Blue Cross anti-trust probe expands: Do some hospitals get sweetheart deals?

The U.S. Justice Department is widening an investigation into alleged collusion and price-fixing between Blue Cross Blue Shield health plans and hospitals in several states, the Wall Street Journal reports. 

The investigation is focusing on whether certain Blues plans have struck "most-favored nations" deals with hospitals that would allow the increase of premiums while potentially locking out competition. Blues plans in six states and the District of Columbia have received civil subpoenas. 

"The antitrust division is investigating the possibility of anticompetitive practices ... in various parts of the country," said a Justice Department spokeswoman. 

Officials with CareFirst Blue Cross Blue Shield, which operates in Washington, D.C., Virginia and Maryland, has confirmed it has been subpoenaed by the Justice Department, as has Indianapolis-based WellPoint, Inc., the nation's largest insurer and operator of Blues plans in Ohio and Missouri.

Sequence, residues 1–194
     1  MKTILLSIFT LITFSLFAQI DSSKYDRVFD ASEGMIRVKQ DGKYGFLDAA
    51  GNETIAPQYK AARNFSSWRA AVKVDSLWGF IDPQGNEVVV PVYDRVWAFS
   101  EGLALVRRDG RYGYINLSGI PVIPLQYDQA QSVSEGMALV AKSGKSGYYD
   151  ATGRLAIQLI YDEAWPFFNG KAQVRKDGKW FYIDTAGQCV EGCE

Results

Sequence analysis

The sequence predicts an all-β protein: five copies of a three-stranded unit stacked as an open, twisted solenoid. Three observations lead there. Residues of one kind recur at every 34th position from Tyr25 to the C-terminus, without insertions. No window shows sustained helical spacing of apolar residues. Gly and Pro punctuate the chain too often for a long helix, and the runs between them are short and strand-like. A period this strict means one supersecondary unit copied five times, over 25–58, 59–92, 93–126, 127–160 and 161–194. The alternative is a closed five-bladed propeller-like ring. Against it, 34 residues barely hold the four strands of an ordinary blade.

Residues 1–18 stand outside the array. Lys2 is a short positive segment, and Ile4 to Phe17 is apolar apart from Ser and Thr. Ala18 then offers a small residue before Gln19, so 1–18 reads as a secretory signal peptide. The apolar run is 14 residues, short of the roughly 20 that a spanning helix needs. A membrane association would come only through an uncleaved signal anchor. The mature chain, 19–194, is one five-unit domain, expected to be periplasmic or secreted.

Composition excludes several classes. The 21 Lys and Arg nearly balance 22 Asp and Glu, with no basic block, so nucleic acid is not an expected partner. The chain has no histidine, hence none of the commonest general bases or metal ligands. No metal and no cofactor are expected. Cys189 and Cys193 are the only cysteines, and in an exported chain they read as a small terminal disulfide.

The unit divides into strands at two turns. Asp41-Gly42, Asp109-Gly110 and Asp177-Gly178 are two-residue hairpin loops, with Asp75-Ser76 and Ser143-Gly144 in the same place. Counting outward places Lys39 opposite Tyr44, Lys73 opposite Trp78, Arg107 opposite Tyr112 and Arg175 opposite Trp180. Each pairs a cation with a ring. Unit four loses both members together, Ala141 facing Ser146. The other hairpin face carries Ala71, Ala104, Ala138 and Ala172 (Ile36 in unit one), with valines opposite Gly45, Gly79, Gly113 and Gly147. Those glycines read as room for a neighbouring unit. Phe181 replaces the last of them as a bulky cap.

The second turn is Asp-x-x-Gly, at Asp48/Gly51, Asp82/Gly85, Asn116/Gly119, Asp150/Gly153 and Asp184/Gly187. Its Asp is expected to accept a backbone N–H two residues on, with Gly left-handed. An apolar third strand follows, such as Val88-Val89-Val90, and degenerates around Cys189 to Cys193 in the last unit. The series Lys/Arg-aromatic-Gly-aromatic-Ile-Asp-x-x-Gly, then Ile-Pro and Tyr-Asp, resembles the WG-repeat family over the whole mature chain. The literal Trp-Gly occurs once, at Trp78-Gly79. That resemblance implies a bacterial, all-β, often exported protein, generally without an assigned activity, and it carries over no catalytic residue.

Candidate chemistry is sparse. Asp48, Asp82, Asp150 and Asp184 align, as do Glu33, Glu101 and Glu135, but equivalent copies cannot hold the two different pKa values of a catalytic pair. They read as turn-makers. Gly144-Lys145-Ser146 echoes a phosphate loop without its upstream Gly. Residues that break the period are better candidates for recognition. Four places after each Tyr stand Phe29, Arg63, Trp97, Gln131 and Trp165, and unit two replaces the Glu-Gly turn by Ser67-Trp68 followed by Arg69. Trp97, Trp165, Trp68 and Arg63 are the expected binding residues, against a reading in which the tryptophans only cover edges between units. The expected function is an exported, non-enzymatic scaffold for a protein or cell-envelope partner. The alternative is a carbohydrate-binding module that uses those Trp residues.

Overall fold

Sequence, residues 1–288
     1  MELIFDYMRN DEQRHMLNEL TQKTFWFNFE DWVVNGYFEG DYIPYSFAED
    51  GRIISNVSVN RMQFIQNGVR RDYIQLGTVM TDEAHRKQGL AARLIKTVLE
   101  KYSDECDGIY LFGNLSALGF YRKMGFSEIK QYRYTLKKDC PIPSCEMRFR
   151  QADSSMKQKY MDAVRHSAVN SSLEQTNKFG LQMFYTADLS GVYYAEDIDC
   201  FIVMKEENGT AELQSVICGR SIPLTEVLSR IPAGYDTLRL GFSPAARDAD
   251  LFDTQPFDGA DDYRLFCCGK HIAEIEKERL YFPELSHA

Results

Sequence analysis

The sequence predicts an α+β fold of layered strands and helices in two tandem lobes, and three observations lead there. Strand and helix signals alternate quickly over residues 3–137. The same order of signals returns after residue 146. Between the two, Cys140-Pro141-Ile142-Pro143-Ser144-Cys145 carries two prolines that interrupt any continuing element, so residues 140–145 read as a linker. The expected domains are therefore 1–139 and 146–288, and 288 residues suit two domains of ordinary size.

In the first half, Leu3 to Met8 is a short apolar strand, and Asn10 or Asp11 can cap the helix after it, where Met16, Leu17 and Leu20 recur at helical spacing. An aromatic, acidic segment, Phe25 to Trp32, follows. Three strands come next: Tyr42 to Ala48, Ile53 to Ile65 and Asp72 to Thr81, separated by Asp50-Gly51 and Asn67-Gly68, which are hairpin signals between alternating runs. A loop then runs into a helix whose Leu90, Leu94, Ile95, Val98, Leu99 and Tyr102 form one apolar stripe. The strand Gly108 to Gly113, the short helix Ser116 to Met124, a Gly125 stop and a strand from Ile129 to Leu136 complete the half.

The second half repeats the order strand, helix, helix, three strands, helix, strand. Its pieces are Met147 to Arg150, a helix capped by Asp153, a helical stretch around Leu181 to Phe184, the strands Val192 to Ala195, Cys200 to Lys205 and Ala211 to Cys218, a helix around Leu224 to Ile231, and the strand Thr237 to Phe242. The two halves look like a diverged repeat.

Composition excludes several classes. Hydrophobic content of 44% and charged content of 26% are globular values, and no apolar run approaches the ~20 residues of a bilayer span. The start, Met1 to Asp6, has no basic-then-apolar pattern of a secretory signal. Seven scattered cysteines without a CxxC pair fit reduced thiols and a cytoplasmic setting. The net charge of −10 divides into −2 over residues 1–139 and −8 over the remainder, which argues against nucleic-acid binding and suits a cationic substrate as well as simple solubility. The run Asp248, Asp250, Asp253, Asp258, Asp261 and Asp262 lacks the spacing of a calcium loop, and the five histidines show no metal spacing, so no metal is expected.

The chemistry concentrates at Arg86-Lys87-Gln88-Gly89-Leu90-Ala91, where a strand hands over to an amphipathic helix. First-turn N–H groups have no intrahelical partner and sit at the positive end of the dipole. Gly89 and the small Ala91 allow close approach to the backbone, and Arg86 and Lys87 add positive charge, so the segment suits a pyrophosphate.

Last October, the Justice Department filed suit against Blue Cross Blue Shield of Michigan, claiming it had entered into deals with about half of the state's acute care hospitals, essentially giving it favorable terms while requiring it charge other health plans up to 40 percent more for charging for the same services. 

In February, it sued United Regional Health Care System in Wichita Falls, Texas, claiming it used most-favored nation contracts to maintain rates 70 percent higher than other hospitals. The system settled the suit immediately, agreeing to drop the use of such contracts. 

For more information:
- read the Wall Street Journal article 
- read the Connecticut Mirror's article on anti-MFN legislation 

Related Articles:
Feds accuse Michigan Blues of price fixing  
BCBS of Michigan wants anti-trust lawsuit dismissed  
WellPoint, Blues team up to fight for transparency

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